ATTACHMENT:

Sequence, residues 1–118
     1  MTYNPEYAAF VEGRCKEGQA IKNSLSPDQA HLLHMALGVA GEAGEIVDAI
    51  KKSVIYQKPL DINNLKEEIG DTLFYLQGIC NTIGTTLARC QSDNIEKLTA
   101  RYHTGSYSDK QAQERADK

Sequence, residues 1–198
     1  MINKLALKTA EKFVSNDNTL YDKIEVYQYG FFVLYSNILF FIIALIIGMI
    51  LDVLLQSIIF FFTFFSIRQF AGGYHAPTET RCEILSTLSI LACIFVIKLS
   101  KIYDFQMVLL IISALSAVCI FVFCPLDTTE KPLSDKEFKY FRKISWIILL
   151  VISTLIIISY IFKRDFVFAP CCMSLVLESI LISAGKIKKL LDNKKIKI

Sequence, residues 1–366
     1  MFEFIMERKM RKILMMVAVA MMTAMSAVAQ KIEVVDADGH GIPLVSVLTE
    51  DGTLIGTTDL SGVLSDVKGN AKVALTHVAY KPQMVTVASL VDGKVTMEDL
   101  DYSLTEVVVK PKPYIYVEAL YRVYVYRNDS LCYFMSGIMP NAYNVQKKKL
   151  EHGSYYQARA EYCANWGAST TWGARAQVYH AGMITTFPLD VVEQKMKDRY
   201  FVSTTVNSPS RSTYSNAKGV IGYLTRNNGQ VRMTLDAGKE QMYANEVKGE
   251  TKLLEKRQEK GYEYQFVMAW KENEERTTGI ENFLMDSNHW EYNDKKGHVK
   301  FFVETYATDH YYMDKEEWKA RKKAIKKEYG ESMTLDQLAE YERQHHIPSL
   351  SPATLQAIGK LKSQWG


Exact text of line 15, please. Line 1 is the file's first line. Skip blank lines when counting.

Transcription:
   201  FVSTTVNSPS RSTYSNAKGV IGYLTRNNGQ VRMTLDAGKE QMYANEVKGE